As a comparative political scientist and peacebuilder, I have to be interested in trust, and I have to be worried about the declining trust both in the country I live in and in the ones I study. Restoring and rebuilding trust seems to be a requirement for making significant progress in solving any of the vexing issues in our social, political, and economic lives today. And the news on that front isn’t terribly encouraging these days….r
Luckily, a book and an article crossed my desk this week that address how trust can be restored, albeit in very different ways.
First is Rachel Botsman’s delightful book, Who Can We Trust. She starts from a premise most of my colleagues share. Trust
in our institutions is declining.
She goes on to unpack what trust in general means more than most of the people I work with in at least two ways. To begin with, she talks about “trust leaps” or the fact thattrust almost always involves taking a metaphorical leap into the unknown which is one of the main reasons why Palestinians have a hard time trusting Israelis (and vice versa) or why President Reagan is famous for the line, “trust, but verify.”
Then, she talks about “trust stacks” in which we start by trusting an idea, then the platform it is built on, and finally in other people you might (or might not) trust.
But what grabbed me the about her book is that it meshes with an idea that undergirds almost everything I do as a peacebuilder or as a political scientist. We live in a world that is increasingly defined by our interdependence and the intertwined networks we are a part of.
For the last few hundred years, Botsman argues, we could rely on what she calls institutional trust in countries, companies, experts, and other authorities, which is in short supply these days.
The key to her argument is what she calls distributed trust which relies less on authorities, institutions, or hierarchies. Instead, we can verify the actions of others and build trust in them as most of us did in the last few weeks when we gave online merchants our credit card information in order to buy holiday gifts.
We are just beginning to learn how distributed trust can be created and maximized. Like Botsman, I’m drawn to the logic of the blockchain—if not necessarily to its most famous product, Bitcoin. Blockchains do not work on the assumption that I can trust you because you give me your word. Rather, I trust you because I can verify your actions as literally one block in a chain.
More generally, blockchains and the like can help us create trusting relationship with people we don’t even know.
That leads to the second thing that came across my desk this week, a remarkable op-ed by Peter Wehner on faith that appeared in the New York Times on Christmas day, entitled How Can I Possibly Believe that Faith is Better Than Doubt that also reminds us that we probably don’t want to throw out old fashioned versions of trust as we move into the digital age that Botsman and I both love.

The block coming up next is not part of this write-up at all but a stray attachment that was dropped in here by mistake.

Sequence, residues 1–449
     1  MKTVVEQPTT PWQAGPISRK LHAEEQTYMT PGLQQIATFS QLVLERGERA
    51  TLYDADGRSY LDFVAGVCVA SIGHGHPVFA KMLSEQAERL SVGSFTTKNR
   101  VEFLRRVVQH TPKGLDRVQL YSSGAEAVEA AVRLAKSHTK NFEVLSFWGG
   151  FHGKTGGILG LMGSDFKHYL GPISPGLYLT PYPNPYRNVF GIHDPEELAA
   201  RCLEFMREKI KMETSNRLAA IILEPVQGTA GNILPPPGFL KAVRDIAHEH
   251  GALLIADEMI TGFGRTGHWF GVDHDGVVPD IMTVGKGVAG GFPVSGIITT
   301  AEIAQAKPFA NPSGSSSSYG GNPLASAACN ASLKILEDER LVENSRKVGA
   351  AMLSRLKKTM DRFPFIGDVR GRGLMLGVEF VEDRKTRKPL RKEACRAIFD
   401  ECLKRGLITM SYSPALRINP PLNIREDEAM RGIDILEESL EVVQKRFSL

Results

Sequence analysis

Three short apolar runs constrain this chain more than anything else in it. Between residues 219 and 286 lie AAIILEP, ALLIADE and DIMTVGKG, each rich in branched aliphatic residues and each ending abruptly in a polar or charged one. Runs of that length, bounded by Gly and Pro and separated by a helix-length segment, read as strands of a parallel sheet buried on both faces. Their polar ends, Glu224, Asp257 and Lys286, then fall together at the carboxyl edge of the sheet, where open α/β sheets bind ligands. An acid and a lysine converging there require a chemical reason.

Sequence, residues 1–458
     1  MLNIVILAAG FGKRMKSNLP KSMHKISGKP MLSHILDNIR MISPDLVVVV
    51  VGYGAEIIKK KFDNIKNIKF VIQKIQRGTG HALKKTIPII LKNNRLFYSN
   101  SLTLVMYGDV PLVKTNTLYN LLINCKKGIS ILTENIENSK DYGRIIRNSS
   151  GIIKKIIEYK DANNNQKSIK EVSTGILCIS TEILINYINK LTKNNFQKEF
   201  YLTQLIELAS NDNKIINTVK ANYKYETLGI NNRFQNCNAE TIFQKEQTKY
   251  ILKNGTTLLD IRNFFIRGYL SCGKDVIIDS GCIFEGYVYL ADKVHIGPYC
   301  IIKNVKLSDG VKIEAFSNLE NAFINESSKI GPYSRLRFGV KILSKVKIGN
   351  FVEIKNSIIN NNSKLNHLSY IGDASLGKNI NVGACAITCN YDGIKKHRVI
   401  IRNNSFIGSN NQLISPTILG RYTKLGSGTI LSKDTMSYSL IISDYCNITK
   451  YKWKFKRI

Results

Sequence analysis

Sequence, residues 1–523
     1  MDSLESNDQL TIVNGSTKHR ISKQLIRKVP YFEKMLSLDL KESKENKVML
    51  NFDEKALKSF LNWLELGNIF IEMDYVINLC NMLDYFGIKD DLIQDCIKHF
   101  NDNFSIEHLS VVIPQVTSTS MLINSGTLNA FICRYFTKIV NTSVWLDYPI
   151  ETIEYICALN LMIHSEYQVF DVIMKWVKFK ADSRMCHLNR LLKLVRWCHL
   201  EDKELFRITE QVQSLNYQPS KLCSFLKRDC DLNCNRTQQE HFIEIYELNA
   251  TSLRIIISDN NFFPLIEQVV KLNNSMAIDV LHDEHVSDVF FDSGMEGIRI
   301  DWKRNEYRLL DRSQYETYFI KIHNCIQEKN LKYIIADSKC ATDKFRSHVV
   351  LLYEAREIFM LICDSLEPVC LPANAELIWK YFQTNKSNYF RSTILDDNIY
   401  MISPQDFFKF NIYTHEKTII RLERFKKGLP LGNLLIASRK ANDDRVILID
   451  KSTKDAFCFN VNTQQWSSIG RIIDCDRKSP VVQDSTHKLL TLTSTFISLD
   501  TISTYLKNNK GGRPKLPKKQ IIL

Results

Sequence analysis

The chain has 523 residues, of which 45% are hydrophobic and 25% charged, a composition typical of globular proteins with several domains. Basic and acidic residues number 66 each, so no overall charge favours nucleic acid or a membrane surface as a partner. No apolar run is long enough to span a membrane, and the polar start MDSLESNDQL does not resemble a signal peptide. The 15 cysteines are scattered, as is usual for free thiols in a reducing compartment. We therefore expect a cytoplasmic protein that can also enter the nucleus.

Wehner is an Evangelical Christian who served in the George W. Bush administration and now works at the Ethics and Public Policy Center. We met at a conference on the state of American Democracy a few weeks ago. We connected across some pretty significant ideological and cultural differences which got me thinking about the link between faith and trust.
In this article, he states that “every meaningful relationship—parent-child, spouse to spouse, friend to friend—involves some degree of trust.” In his world, one important root for trust lies in faith. As I read his words, I was reminded of something my stepdaughter had said at our Christmas dinner—that we need to care about people who are less fortunate than we are. He didn’t win me over to Christianity, but he did convince me that faith matters to the degree that it leads us to think about and improve the quality of our relationships both with the people we know and with the rest of the world.
For Wehner, that comes from his Christian faith. For Botsman, that comes from realizing we live in a “distributed” world where everything I do affects everything you do and vice versa.
Botsman got me to rethink trust in relational terms because of globalization, technology, and all of the other things I study professionally. Wehner does it by asking us to dig a little deeper and think about how our relationships fit into something that is much bigger than ourselves.
Neither has the entire answer, but they are both worth reading as we enter a new year in which both trust and faith are going to be near the top of our agendas.
Also published on Medium.